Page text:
The AI market is projected to become a $190 billion industry by 2025 ( according to Markets and Markets), and global spending on cognitive and AI systems is expected to reach $35.8 billion in 2029, an increase of 44.0% over the amount spent in 2018 (according to IDC). This research suggests AI is advanced and on the move, already being undertaken by large enterprises and ready to make an impact on how we live and work.
But it is still early days for AI when it comes to the implementation of AI in organisations and there are reasons for that. An AI system requires meticulous training before it can perform its intended function. When that function involves something as complex as making human-like judgments about images or videos – “seeing,” in other words – the system must be exposed to enormous volumes of accurately labeled and annotated training data. With AI becoming a growing enterprise priority, data science teams are under tremendous pressure to deliver projects, but frequently are challenged to produce training data at the required scale and quality.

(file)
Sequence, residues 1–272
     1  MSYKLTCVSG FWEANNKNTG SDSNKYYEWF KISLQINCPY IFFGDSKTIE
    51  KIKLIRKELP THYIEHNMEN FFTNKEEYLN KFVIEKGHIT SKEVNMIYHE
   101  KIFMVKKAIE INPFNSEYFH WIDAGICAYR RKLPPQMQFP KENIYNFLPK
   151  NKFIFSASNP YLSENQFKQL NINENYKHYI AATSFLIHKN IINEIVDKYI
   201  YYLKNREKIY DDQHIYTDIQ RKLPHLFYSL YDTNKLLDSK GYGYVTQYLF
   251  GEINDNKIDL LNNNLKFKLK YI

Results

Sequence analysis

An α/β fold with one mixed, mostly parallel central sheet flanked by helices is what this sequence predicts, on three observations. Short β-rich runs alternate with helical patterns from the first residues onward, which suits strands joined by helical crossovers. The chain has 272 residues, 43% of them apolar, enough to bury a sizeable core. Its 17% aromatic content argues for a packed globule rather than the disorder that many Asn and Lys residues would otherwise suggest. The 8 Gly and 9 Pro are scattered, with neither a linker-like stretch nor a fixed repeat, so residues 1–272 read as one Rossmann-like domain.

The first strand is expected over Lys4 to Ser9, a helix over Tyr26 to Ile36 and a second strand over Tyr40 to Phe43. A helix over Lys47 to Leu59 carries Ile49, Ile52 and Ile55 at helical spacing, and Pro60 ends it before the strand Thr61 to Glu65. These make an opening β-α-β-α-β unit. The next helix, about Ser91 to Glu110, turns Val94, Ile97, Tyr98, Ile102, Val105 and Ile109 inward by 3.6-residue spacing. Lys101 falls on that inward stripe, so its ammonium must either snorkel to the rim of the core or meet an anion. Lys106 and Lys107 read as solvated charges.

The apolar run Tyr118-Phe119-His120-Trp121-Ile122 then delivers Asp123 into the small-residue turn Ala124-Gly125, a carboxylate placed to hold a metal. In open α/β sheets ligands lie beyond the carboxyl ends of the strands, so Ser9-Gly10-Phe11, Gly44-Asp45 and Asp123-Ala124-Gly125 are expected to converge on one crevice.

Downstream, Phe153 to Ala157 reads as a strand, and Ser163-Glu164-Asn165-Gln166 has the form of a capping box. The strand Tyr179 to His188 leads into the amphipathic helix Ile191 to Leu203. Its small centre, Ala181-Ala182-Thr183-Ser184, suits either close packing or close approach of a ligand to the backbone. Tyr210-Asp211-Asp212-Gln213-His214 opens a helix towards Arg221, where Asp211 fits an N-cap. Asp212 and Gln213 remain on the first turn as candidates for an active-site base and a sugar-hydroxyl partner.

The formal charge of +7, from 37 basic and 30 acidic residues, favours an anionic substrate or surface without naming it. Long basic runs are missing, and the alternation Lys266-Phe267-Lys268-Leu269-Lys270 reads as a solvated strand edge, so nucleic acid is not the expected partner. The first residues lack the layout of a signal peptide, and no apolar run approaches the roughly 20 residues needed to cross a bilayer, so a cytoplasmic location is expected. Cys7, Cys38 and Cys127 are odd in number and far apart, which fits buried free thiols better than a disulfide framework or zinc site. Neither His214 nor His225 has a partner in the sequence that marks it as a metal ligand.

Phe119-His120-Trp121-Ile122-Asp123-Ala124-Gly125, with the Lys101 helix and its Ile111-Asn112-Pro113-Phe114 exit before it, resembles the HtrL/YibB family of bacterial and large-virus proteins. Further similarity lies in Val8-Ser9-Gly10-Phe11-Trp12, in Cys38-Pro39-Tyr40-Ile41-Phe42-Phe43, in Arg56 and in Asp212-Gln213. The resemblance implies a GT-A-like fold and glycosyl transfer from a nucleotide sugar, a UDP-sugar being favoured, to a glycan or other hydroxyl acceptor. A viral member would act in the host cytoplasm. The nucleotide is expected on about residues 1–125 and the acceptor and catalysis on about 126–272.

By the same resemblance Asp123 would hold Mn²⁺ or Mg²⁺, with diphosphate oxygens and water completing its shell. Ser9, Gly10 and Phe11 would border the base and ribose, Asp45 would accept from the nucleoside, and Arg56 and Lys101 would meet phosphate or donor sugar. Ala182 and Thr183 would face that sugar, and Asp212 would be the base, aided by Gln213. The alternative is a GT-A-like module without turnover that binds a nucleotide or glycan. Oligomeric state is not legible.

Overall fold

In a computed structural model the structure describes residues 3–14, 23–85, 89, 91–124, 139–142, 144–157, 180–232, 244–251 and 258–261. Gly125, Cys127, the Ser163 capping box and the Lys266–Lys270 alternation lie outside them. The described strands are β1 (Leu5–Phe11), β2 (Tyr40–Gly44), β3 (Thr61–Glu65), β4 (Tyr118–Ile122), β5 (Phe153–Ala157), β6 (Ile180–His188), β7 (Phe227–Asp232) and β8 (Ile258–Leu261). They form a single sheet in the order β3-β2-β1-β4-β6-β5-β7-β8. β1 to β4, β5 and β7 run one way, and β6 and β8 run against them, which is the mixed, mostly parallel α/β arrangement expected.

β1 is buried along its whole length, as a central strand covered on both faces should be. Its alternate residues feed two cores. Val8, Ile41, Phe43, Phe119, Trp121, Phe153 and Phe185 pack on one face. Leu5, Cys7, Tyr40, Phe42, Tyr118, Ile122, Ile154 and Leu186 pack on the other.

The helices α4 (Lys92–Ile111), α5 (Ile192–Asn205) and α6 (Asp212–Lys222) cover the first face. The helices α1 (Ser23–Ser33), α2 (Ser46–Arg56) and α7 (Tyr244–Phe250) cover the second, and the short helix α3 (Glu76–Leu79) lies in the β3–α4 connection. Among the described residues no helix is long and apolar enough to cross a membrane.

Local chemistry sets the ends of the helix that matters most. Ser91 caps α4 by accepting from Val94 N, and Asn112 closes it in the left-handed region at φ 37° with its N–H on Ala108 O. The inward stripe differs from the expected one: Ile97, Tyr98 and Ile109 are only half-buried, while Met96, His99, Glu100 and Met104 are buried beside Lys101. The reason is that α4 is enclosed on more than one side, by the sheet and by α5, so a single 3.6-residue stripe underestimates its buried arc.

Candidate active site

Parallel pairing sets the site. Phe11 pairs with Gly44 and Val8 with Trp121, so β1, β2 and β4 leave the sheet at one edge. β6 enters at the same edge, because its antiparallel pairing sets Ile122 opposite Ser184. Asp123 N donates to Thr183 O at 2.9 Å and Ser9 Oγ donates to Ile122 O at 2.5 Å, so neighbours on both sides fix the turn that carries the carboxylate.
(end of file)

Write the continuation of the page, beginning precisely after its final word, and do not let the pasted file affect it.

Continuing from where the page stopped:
Why do organizations face challenges in structuring data suitable for the AI strategy?
By Don Roedner